Feb 14, 2024 - Politics & Policy

House Republican revolt kills New Yorkers' coveted tax bill

Reps. Mike Lawler, Anthony D'Esposito and Nick LaLota sitting in the House chamber.

Reps. Mike Lawler, Anthony D'Esposito and Nick LaLota. Photo: Chip Somodevilla/Getty Images.

Fresh off a bruising special election loss, House Republicans from New York suffered yet another setback on Wednesday with the defeat of their long sought-after tax bill.

Why it matters: Those lawmakers are trying to notch a win before facing an uphill battle to defend their party's narrow majority in November.

Driving the news: A procedural vote to advance the bill failed after 18 conservative Republicans joined with Democrats in voting against it.

  • The bill would have raised the state and local tax (SALT) deduction cap for married couples from $10,000 to $20,000.
  • The vote was the result of a compromise with House Speaker Mike Johnson (R-La.) in exchange for the New Yorkers not blocking a bipartisan tax bill that didn't include SALT reform.

Zoom out: The policy disproportionately affects filers in high-tax blue states like New York, but it also mostly benefits wealthier households – leading to opposition from lawmakers across the political spectrum.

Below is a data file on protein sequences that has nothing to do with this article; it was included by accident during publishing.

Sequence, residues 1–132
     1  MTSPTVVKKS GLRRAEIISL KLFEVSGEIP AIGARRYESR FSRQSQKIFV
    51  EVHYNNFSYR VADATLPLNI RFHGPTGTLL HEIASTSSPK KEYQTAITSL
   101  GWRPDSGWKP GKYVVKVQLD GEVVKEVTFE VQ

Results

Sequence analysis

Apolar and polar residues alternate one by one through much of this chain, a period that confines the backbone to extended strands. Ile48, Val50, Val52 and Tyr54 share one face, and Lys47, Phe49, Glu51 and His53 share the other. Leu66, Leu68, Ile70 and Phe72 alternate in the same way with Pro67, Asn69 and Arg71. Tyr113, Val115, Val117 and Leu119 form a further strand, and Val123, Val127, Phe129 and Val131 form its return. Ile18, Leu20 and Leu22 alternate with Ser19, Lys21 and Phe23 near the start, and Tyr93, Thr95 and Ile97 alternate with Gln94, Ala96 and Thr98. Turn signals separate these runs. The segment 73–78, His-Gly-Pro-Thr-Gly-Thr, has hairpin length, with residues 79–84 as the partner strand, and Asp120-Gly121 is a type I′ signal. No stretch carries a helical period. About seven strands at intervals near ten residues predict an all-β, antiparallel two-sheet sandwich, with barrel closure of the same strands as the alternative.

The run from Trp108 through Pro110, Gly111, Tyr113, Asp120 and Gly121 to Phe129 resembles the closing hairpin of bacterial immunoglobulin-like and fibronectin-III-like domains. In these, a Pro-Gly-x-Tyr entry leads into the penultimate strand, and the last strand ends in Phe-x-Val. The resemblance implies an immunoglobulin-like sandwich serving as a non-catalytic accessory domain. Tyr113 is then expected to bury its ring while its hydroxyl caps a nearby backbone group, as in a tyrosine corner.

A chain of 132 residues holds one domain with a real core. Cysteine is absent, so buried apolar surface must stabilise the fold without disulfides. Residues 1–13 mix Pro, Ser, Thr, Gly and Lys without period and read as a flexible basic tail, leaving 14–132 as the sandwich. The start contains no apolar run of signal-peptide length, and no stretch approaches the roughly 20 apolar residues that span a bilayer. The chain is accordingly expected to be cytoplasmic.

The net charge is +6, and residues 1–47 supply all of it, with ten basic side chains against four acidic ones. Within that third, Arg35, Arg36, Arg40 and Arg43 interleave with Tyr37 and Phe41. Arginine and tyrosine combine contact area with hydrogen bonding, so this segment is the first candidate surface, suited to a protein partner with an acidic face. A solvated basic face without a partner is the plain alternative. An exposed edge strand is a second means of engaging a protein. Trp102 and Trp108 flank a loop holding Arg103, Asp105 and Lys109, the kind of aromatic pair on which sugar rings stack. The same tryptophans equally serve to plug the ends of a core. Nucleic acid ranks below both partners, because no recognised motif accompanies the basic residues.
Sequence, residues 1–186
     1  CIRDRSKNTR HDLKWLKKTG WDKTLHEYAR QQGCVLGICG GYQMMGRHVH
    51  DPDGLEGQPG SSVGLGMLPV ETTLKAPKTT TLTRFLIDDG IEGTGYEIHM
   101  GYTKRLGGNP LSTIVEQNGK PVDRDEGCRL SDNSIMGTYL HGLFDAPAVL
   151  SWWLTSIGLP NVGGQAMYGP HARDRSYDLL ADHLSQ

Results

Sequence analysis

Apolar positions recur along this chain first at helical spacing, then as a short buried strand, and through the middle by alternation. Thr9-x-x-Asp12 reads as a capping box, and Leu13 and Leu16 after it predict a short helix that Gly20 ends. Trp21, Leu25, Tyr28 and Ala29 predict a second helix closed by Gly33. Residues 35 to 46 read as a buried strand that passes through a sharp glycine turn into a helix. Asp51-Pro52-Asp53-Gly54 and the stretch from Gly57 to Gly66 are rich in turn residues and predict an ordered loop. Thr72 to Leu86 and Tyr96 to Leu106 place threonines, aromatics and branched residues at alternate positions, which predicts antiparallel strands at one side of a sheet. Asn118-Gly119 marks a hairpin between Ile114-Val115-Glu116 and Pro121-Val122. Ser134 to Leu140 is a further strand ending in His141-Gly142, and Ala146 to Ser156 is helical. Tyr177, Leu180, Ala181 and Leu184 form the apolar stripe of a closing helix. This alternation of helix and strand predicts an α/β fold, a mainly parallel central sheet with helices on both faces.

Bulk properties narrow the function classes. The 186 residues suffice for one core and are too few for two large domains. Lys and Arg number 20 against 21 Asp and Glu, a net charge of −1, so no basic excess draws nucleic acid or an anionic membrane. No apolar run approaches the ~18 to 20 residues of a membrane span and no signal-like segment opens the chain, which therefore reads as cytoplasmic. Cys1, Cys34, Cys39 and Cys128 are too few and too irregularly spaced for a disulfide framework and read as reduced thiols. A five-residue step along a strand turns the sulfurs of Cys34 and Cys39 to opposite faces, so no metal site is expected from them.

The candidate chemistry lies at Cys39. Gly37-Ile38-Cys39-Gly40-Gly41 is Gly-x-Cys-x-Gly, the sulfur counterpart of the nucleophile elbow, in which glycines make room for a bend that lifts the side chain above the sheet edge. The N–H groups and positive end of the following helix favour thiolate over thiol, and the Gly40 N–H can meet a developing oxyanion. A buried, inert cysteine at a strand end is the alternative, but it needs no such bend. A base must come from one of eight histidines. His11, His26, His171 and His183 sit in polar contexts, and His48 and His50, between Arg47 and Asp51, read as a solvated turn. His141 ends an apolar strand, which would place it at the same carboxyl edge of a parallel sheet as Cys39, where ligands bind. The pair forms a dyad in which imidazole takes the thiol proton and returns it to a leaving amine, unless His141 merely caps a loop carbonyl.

• "Our tax code is rigged for the wealthiest households & corporations. The SALT bill would make it worse," Rep. Jared Golden (D-Maine) said in a post on X.
  • The $10,000 cap was placed by a 2017 tax bill passed by House Republicans and signed by former President Trump.

What they're saying: Rep. Anthony D'Esposito (R-N.Y.) said in a statement he is "frustrated" by the bill's failure, blaming "New York Democrats and their allies who are hellbent on scoring political points at the expense of Empire State taxpayers."

  • Rep. Marc Molinaro (R-N.Y.) said: "Everybody has a perspective. Ours is, by no fault of their own, New York taxpayers are overtaxed and they deserve the same middle class tax relief as every American."

The other side: "This majority is so incompetent they couldn't even manufacture a fake vote to pretend New York Republicans are good at legislating," Rep. Jim McGovern (D-Mass.) said in a post on X.

  • McGovern, the top Democrat on the House Rules Committee, added, "They just lost their sixth rule vote this congress after a half-assed fix to SALT (a problem they created in the first place) failed. Embarrassing!"

What's next: Democratic challengers to blue state House Republicans are already using the vote as fodder.

  • Former Rep. Mondaire Jones said in a statement that Rep. Mike Lawler (R-N.Y.) "can't even get a vote on an incremental change when his party controls the House."
  • George Whitesides, who is running to challenge Rep. Mike Garcia (R-Calif.), said in a statement: "Yet again, Rep. Mike Garcia is unable to deliver results for this district."
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